“You can’t win this, James. I’m stronger than you.”
John and Sean were standing a couple feet behind Victor. Sean spoke first, “Easy James. This is over.”
“He fuckin’ sucker punched me,” said James, his voice muted by the shield around him. The sharp glare he was carrying never left as he wiped a hand across his nose.
“Tookes, You have him in one of those shields we were in?”
“What’s this all about,” asked Sean.
Victor repeated the story of Max’s kidnapping, and of the note inside the door to the house, and then added James’ insistence that he put Max in harm’s way, just to make this easier.
“James, no one’s gonna put their kids at risk here. Without the kids, what do we have?” asked John. “Tookes, please let him out.
Victor paused for a second and then released the shield holding James in place.
“There’s a note on the door, John. From a Maxist,” said Victor. “They said they intentionally infected themselves thinking Max would save them, instead of leaving to go find food and water.”
“Fuckin’ lazy Americans. Waiting on someone to save them, rather than saving themselves,” said Sean.
Victor cocked an eyebrow at Sean and said, “Really?”
“You’re nothing like normal, Mate. I reckon’ that’s why John hasn’t shot you yet,” he replied. Sean quickly changed the subject before Vic could respond. “ Can Max do that? Can he turn someone back?”
“When he was kidnapped, he took over a zombie. Before Steve died–”
“Who the hell is that?” Sean interrupted.
“The zombie Max took over,” he replied, losing patience. “Anyway, Max wanted me to build him a house because, he said, “zombies are people too.” If he could have turned him back, he would have.”
James spoke up then, “Maybe he didn’t think of it,” the man looked to his Australian friend and said, “I think we should ask him.”
Victor shook his head and said, “No. In fact, none of the children should know about this. I think we should knock the house down and burn it.” The sudden appearance of the Maxists created an odd resurgence of emotion and Tookes didn’t like it. The one thing he’d been sure of was his ability to keep Max safe, but this cult had shaken that belief. Even the suggestion of putting his son, his little boy, all he had left in the world, into the middle of his mess had been enough to coax him to violence. He wouldn’t even entertain the idea of including Max in this so he decided right then that he would ignore any further suggestion about involving his son.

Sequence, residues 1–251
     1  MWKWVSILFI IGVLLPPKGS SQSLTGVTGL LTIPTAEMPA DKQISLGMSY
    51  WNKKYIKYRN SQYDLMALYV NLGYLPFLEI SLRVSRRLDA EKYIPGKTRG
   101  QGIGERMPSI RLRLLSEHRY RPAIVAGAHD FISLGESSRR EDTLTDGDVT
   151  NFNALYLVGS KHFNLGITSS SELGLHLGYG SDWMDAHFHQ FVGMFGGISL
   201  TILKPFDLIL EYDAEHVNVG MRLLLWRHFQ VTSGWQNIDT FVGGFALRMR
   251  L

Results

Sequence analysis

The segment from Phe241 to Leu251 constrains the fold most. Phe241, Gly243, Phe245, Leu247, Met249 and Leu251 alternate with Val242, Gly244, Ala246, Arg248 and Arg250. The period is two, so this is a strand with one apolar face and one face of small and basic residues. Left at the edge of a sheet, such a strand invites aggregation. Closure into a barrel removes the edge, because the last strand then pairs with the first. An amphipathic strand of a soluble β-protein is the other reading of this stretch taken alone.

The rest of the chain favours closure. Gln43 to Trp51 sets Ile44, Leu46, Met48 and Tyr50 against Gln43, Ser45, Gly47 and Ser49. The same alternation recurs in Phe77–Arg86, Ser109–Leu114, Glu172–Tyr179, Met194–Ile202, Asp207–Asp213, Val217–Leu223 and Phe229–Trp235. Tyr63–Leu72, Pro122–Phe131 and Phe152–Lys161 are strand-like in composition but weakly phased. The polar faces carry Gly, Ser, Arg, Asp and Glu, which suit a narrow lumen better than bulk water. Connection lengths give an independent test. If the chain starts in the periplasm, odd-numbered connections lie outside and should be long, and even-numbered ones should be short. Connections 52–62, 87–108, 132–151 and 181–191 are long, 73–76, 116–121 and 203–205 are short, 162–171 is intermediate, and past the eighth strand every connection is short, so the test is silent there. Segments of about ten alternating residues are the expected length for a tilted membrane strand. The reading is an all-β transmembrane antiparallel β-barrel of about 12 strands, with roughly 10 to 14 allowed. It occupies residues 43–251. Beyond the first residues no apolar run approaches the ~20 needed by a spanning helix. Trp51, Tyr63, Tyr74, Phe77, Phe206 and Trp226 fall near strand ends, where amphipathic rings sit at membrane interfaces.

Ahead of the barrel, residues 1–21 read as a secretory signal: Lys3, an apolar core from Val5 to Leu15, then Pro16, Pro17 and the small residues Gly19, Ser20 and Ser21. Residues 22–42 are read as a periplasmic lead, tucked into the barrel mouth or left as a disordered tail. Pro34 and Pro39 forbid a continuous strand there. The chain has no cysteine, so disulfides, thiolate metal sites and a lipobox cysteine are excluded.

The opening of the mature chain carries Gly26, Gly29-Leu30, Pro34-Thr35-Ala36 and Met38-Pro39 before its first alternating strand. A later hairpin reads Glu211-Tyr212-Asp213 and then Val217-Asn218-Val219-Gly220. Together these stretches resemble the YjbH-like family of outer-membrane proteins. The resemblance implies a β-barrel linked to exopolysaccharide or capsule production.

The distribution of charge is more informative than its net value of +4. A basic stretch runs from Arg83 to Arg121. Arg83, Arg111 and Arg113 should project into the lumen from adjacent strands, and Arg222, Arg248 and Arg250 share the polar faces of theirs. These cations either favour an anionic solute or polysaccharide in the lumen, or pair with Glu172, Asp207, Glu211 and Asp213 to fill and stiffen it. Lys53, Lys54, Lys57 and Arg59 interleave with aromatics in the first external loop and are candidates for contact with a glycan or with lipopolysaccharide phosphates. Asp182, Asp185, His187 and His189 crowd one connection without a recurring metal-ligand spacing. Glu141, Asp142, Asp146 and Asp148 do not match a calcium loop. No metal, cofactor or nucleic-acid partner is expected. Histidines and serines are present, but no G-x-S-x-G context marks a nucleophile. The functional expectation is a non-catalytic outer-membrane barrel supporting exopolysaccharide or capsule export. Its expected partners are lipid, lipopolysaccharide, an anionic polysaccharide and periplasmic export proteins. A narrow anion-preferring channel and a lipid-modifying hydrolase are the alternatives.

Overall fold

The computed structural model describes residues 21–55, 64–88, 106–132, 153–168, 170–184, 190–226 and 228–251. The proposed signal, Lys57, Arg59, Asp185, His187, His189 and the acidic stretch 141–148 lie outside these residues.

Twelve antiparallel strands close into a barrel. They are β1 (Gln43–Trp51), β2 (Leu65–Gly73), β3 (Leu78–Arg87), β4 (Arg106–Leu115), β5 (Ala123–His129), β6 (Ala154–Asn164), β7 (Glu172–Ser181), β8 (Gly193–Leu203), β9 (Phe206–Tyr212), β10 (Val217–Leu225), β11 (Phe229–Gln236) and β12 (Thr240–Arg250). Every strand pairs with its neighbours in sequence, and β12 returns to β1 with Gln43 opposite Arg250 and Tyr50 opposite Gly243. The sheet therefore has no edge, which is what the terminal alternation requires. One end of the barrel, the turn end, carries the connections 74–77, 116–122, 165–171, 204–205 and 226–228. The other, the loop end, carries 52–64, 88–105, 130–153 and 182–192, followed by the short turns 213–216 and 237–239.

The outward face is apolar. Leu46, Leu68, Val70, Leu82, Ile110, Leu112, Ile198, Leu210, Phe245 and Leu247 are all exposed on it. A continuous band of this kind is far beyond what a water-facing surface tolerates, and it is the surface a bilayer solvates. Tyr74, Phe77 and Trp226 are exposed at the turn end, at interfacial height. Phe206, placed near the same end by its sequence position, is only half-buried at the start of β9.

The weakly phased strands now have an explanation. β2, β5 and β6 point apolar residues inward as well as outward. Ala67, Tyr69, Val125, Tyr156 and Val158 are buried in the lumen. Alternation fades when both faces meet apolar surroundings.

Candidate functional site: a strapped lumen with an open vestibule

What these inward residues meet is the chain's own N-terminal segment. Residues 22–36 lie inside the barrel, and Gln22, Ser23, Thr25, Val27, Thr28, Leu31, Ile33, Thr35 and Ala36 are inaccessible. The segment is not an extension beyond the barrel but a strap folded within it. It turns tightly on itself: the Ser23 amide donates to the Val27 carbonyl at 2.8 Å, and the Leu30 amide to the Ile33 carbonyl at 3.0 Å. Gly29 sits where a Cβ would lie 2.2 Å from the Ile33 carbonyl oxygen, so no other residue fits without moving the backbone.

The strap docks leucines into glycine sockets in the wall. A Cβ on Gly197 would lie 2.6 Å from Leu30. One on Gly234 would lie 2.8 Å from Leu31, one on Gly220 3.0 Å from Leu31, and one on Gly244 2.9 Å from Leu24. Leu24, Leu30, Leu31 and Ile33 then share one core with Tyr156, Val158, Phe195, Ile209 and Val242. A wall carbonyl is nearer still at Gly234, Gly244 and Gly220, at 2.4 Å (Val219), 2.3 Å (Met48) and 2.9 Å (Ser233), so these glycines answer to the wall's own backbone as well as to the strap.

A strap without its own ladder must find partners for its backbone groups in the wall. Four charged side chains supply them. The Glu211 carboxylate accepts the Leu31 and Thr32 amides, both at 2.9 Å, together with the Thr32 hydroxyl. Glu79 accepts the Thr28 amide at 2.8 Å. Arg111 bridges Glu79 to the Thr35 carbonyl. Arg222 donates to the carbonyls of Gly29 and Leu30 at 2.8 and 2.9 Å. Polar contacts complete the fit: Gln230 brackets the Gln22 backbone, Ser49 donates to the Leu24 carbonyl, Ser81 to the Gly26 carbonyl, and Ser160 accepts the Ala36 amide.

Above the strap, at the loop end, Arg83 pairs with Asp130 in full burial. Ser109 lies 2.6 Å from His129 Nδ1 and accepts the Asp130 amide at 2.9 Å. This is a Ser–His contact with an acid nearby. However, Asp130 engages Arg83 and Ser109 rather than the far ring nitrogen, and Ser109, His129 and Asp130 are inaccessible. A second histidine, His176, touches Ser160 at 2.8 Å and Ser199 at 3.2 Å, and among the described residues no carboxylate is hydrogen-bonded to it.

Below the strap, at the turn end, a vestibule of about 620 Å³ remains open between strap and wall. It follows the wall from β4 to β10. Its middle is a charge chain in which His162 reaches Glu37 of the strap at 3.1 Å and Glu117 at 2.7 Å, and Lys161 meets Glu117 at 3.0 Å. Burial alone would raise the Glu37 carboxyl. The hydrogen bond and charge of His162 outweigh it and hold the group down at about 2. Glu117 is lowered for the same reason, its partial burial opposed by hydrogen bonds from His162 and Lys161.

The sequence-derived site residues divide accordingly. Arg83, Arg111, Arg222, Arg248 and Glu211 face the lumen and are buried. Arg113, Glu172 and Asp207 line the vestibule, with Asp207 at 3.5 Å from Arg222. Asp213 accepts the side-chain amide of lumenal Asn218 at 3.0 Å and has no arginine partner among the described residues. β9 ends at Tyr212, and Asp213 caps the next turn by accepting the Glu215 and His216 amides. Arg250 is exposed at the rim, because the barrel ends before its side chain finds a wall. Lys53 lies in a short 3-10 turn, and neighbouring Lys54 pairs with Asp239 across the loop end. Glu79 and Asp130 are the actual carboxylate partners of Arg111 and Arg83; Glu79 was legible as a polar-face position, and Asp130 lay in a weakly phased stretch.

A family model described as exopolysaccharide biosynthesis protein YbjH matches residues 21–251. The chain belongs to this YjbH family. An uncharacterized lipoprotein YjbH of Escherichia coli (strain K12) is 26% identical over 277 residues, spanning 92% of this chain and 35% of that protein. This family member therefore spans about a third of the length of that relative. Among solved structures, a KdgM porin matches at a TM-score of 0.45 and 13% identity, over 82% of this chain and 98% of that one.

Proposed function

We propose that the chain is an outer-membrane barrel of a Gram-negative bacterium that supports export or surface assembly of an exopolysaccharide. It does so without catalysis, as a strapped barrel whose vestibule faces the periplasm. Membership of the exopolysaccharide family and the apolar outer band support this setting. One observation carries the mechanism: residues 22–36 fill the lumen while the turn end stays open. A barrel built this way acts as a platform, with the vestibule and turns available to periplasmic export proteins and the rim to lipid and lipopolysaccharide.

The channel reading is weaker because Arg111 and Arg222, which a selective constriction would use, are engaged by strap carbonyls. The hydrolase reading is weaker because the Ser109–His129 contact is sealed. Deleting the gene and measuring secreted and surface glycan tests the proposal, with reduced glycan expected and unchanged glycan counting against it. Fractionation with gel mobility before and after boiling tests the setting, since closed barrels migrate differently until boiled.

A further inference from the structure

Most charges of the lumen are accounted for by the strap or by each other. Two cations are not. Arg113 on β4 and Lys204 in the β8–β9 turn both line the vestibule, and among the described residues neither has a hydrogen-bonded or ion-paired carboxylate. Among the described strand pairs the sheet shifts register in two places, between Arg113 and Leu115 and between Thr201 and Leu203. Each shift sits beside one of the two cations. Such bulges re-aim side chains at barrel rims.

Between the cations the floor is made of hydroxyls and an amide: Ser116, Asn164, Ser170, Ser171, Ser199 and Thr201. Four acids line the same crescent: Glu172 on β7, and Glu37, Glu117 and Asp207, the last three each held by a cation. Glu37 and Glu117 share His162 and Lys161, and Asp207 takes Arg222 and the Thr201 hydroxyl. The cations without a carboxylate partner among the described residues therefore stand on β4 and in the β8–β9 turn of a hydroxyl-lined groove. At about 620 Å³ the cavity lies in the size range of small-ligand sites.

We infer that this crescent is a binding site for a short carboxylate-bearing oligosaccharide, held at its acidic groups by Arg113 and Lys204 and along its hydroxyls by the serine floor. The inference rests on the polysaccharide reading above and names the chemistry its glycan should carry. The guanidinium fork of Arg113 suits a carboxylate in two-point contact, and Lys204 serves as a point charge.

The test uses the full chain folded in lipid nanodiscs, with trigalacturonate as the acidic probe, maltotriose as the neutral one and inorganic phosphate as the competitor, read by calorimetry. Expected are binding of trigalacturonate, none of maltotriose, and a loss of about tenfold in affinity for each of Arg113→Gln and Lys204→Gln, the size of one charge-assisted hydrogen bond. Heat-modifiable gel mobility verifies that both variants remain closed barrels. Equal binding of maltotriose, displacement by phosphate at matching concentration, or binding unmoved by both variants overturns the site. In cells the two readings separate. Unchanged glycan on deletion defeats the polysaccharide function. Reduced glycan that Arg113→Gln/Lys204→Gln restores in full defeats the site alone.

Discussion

“Flaming zombies? Do you think it’s a good idea to have flaming zombies walking around? They’d catch everything on fire,” said John.
“They’re all contained in the basement. The stairs have been removed. If we’re careful, we can collapse the house in on itself,” said Victor.
“We’d need a fire truck full of water,” said John.
“You’re going to need that anyway if you’re going to make a life here, John. We need to get ya well working. Jo and Renee went to have a go at that. Let’s go see what they found,” said Sean.
Renee showed them the well and the pumps. As they figured, the wooden water cistern was empty, the townspeople had drained it before turning themselves into zombies.
They talked about what they’d need, and how to start the plan. Ultimately, it was decided that Vic and Sean would go get generators and fuel.
About twenty minutes later, the two men entered Yuma in Sean’s truck. The drive to Yuma was largely through barren desert, nothing but sand dunes as far as they could see on either side of the highway. It wasn’t until they got to the outskirts of town that the first bushes and shrubs started to appear. The houses along the road were all southwestern in style, ranging from small adobo ranch houses to large spanish influenced two stories. Every house, no matter how small had a swimming pool, and there wasn’t a blade of grass anywhere within two hundred miles. Yards were landscaped with stone, the occasional Yucca tree or Saguaro cactus. Yuma wasn’t a ghost town, but it wasn’t a booming city either. The cars on the side of the road were average sedans, this had been a town full of working people.